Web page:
Keeping the weight off is easy—said no one, ever. Most of us have discovered that our bodies have a tendency to store fat—as opposed to randomly losing it, just like our homes have a tendency towards untidiness (vs. tidiness) or our money has a tendency to be spent instead of saved. It’s just so easy to consume more than our bodies need. Surprisingly, this is a good thing as spontaneous weight loss is often an indicator of a serious health condition. So does this mean we're condemned to a love/hate relationship with the bathroom scale?
It depends on the heart.
More than living out what we think and believe (choosing a salad over French fries at lunch because we know it's the healthier choice or lacing up a pair of New Balance sneakers to score five miles before dinner because we know our mood will be enhanced, for example) we will live out what we love.
We are lovers at our core, aren’t we? We rave about literature and movies that move us, encourage one another to follow (or find, or rediscover) our passions, buy homes and take vacations frequently with the adjective “dream” and seek all manner of coping mechanisms to make us happy.
We are lovers. The problem is there’s trouble in paradise—choices to make, emotions to manage, needs of others to consider—and sometimes what we say we love, isn’t what we live.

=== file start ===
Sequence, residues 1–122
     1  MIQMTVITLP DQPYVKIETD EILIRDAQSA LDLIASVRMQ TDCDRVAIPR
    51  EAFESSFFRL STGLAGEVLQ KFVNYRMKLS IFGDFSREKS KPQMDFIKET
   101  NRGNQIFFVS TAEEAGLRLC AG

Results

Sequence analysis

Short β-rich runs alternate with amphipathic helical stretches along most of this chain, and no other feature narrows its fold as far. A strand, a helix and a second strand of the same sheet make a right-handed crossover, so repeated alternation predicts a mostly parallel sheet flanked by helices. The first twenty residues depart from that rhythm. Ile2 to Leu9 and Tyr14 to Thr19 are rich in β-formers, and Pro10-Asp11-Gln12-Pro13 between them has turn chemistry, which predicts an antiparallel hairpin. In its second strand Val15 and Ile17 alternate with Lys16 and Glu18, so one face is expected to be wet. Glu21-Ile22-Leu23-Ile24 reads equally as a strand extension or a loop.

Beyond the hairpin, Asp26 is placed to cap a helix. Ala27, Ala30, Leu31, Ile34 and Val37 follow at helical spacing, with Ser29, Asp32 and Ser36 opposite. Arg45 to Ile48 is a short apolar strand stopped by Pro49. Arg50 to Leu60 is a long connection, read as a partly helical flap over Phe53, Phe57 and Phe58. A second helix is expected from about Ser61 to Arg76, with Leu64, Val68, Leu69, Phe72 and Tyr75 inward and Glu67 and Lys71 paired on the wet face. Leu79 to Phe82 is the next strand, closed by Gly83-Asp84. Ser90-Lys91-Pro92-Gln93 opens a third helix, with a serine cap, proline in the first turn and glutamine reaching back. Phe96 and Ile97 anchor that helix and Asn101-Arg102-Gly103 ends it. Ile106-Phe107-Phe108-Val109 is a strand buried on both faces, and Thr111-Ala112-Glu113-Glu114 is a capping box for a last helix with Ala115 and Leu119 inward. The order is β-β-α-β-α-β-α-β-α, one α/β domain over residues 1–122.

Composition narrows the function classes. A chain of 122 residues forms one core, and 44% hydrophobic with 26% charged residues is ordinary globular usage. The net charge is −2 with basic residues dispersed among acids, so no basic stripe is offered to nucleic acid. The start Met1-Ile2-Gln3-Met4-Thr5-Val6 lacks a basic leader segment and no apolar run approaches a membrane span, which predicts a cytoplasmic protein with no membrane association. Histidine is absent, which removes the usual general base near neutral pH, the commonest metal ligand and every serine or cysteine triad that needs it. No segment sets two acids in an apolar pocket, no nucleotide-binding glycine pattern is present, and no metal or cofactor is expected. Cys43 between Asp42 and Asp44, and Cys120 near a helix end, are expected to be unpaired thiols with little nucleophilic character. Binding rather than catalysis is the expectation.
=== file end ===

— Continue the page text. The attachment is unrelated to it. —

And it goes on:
If your mind is swimming with the existential implications of this reality—fear not, I’m parking the discussion on diet and exercise.
When I hear someone confess to “struggling” with their weight—what I’ve learned to discern is their real struggle is with competing loves. Perhaps it's convenience over preparation or immediate satisfaction verses the delayed variety or a desire for a gym-honed body with zero interest in stepping foot in the gym. See the incongruity? I’m convinced most North Americans would “love” to lose weight—be it five pounds or a hundred—but are they willing to sacrifice for it? Live really differently for a time and then quite differently ever after?
If you’re a person who’d love to lose weight—are you also willing to love the work on the back end of that goal? Setting nutritional standards and abiding by them and allowing exercise to not merely be something you do--but part of who you are? Can you fall in love with nutrition and physical activity?
If the honest answer is “No,” what is it that you truly love? Because our lives are one long love story--sometimes we love wisely and other times...well, you know.
But what if the answer to the question above is "No--but I want to!"
I think that's a great response and we'll explore it on a future post.
Dionne is a certified Ideal Protein coach who lost 25 pounds following the protocol way back when. Since then she's learned to cook healthier meals (and actually eat them), get a daily dose of iron in the form barbells and kettle bells and is usually training to improve her time in an upcoming half marathon.